As the first reports of mysterious, spreading catastrophes circulate the globe, our remotes, rising from concealment, will ruin every major source of fresh water.
By the time resource wars, our manufactured plagues, and anarchy have winnowed them, the armada will have arrived. What they have left will pose minimal resistance.

Lay Me Down

Author: Jae Miles, Staff Writer

Vapour coils along the bough, drifting away in little skeins of dissipating light. Tobias grins. Luminous breath: sure sign of irrevocable infection.
“How do you feel, my son?”
He looks up at the white rectangle glowing at the throat of the padre’s power armour.
“I’m fine, father. Some kind of feel-good side effect, I guess. Never felt better, to be honest.”
Spinal segments click as the helmed head nods.
“You’ve indicated you’ll not be wanting last rites?”
He waves his hand at the swamp about them: “Seems pointless, father. This far from Bethlehem, feeling this good, I’ve got to be closer to rapture than any man has ever been.” He grins as he finishes, taking the blasphemous sting from the words.
“You’ve been a righteous sinner, that much I’ll grant you, Tobias Ghent. Had more than an even share of prayers offered for your deeds.”
Tobias sits up, trailing luminous exhalations from both nostrils.
“Nothing that hasn’t been done by many others in service of the Great Crusade, father. Now, if you’ll excuse me, the urge to move is setting in.”
“Go with God, Trooper Ghent. May you find peace within his Grace before long.”
He swings down from the fallen tree and lands up to his calves in the pale amber waters of Naknarden Swamp – named after the first trooper to disappear into it. For some, the restless phase can last a long time. Sufferers are permitted to wander off as confinement produces a madness that has been deemed ‘unholy’. Therefore, the afflicted must surely be allowed to go forth, trusting unto God for their salvation.
He walks and smiles as the water deepens and the night stirs about him. The silence that surrounds the outpost being aberration, not norm.
God. He’s fought in his name and seen miracles occur on many battlefields. But the times he felt closest to his Lord was in the deep dark between the citadels of Heaven, as the vessel rested and recharged before daring the byways of purgatory once again. He could stand at a viewport, watching the endless night pass inexorably by, and feel the spine-tingling touch of divine attention.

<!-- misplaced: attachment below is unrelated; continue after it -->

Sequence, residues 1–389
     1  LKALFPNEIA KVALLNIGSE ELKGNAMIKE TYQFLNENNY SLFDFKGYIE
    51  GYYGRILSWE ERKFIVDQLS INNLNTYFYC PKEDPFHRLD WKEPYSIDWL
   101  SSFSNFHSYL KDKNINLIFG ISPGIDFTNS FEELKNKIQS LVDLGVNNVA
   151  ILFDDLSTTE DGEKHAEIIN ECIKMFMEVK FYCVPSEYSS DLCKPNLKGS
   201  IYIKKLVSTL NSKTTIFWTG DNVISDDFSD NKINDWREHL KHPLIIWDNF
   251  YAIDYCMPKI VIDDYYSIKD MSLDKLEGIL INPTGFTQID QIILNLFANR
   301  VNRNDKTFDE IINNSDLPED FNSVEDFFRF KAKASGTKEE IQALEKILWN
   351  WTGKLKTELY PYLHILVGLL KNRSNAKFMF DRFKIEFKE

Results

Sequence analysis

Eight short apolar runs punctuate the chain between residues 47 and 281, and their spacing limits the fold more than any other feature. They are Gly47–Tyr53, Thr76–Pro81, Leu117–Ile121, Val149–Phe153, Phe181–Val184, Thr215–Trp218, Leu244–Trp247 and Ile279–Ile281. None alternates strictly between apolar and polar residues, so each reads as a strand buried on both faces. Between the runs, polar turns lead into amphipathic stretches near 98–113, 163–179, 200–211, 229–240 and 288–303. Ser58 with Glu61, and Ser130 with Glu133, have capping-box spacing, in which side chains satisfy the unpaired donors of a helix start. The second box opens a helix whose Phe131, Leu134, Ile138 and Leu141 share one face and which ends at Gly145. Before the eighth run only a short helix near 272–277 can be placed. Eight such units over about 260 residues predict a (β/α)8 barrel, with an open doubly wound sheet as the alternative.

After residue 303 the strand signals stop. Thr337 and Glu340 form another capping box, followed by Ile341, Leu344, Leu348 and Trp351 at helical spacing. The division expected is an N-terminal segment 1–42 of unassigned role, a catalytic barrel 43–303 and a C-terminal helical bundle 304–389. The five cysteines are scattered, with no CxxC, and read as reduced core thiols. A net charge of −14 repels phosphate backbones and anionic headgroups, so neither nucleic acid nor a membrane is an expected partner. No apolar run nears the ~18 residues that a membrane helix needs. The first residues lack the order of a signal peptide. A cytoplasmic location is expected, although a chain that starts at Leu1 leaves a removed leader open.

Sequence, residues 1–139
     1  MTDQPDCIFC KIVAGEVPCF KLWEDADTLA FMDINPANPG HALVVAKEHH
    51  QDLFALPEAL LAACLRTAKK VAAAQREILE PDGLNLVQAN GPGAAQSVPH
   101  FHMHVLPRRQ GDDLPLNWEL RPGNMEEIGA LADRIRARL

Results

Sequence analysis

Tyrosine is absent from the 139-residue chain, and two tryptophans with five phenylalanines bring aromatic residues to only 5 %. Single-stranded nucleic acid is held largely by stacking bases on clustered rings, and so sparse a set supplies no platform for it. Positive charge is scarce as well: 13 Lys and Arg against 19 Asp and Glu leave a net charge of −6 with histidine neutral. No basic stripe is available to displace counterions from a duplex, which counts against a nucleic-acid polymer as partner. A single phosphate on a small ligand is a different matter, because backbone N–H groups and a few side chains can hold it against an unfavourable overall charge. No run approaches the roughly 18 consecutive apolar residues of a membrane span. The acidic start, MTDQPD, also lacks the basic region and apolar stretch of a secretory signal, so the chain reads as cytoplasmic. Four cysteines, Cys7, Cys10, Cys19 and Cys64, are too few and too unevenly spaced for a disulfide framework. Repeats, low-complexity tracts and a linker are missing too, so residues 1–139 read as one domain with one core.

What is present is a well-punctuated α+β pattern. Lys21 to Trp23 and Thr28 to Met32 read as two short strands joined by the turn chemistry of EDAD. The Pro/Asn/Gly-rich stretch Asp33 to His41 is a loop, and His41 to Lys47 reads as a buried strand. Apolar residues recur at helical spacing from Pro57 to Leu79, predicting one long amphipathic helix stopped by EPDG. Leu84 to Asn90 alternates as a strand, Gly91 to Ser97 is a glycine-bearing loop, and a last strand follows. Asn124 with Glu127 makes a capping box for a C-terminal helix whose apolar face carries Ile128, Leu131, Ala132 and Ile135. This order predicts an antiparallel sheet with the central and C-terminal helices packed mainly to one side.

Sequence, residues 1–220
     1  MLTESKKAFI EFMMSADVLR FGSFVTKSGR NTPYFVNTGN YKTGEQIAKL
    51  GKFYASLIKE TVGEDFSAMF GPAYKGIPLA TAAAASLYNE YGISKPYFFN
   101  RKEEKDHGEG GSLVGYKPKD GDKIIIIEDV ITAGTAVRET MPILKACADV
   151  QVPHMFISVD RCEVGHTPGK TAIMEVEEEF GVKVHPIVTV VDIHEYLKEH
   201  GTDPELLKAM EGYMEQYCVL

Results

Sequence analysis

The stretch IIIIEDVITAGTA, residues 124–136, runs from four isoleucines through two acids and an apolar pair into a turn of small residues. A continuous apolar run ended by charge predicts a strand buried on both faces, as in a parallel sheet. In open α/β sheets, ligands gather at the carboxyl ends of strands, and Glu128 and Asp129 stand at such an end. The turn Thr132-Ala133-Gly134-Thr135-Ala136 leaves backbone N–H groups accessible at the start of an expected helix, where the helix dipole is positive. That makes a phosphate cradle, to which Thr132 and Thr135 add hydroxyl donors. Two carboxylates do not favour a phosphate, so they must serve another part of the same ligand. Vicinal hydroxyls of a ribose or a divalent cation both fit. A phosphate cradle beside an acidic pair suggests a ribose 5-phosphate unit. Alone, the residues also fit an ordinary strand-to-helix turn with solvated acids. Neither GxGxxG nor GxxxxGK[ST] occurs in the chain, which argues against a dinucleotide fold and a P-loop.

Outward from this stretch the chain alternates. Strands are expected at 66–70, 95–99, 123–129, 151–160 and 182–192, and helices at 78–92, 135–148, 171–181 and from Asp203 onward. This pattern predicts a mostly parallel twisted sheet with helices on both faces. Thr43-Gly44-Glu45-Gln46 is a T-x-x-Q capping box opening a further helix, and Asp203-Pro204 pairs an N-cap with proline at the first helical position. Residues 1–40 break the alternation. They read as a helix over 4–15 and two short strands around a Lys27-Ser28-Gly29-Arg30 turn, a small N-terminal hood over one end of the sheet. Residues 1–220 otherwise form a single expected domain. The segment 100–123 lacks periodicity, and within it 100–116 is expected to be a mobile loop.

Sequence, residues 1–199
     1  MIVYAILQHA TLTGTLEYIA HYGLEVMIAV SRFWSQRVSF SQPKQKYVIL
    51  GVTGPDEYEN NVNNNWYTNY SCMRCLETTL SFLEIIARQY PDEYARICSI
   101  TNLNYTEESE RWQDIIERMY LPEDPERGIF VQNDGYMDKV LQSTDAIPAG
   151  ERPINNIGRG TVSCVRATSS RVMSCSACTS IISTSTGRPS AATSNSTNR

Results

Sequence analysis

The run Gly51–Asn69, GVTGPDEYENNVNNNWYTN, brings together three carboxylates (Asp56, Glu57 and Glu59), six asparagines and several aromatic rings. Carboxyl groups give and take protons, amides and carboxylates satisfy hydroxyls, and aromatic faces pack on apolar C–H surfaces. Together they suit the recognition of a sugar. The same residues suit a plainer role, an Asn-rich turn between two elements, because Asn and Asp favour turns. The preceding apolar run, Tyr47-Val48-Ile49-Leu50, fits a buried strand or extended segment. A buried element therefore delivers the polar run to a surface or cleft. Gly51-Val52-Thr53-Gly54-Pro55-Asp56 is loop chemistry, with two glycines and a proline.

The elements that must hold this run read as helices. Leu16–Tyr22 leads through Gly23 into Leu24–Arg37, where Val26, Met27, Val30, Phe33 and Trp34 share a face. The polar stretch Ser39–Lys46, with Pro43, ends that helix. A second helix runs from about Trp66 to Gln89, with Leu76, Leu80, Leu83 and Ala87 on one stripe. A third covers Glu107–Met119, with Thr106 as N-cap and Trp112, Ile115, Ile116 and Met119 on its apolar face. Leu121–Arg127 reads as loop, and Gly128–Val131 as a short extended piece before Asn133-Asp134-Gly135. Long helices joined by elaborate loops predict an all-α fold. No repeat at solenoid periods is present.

He walks on as the night deepens about him, feeling unseen life surge past his legs. Nothing attacks. Moonrise finds him further afield than any who have ventured out upon this swamp-girdled planet. Great trees reminiscent of willows line his path, the firemoths amidst their hanging branches providing sufficient light for him to make his way.
Beyond the trees he strides out into what looks like a partially submerged meadow, long grasses waving above the waters that cover the ground. He coughs. The luminous breath is ruddy, his chest feels tight. With a smile, he looks about and chooses a circle of clear water amidst the verdant expanse.
Taking a knee, he bows his head.
“I am what I have become in willing service for those who will never know my name. To quiet waters He hath led me, to these still pastures, that I may seek no more.”
The next cough leaves him shaking in a cloud of ruby mist. The one after that sprays blood into the waters. He kneels and looks up. Stars he cannot name wheel drunkenly above as a fourth cough emits pure white vapour and a feeling of peace rushes through him so violently he knows what’s next.
“Am-”.
The grasses nod to the languid echoes of a tide against a far-off shore. A soft breeze ruffles dark hair as moonlight sets a ring of silver about the body that used to house Tobias Ghent.

Trick of the Light

Author: Jae Miles, Staff Writer

He gently places a finger on her hand.
“Now try. Over there. No, don’t look back, you won’t see him. Look in the window. He’s just to the left of Mrs. Bakker, kissing her shoulder.”
Krista stares around the room, at Connor, then at the window. There’s her, there’s an empty chair where Connor should be, there’s Amanda Bakker, and there-
She stares at Connor: “He’s in your shipsuit!”
Connor nods: “Seems he doesn’t have access to a wardrobe in reflection world. Just glad I had a shower before we made that run.”
She can’t help it and looks back. He watches her head tilt and a smile form: “Widow Bakker seems to be enjoying life on the other side.”
He nods: “I’ve seen her with him in the reflections in my room, and in my shower. A couple of the reasons why I’ve painted out every reflective surface at my place.”
The celebrity dinner swirls and shimmers about them, seemingly the only sombre people in the ballroom.
“Take me through it again.”